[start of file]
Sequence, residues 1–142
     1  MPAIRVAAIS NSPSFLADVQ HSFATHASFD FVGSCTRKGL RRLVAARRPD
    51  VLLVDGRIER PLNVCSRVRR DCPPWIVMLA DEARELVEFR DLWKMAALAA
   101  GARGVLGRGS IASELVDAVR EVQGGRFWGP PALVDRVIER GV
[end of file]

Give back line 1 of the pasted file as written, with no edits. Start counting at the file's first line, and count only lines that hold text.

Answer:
Sequence, residues 1–142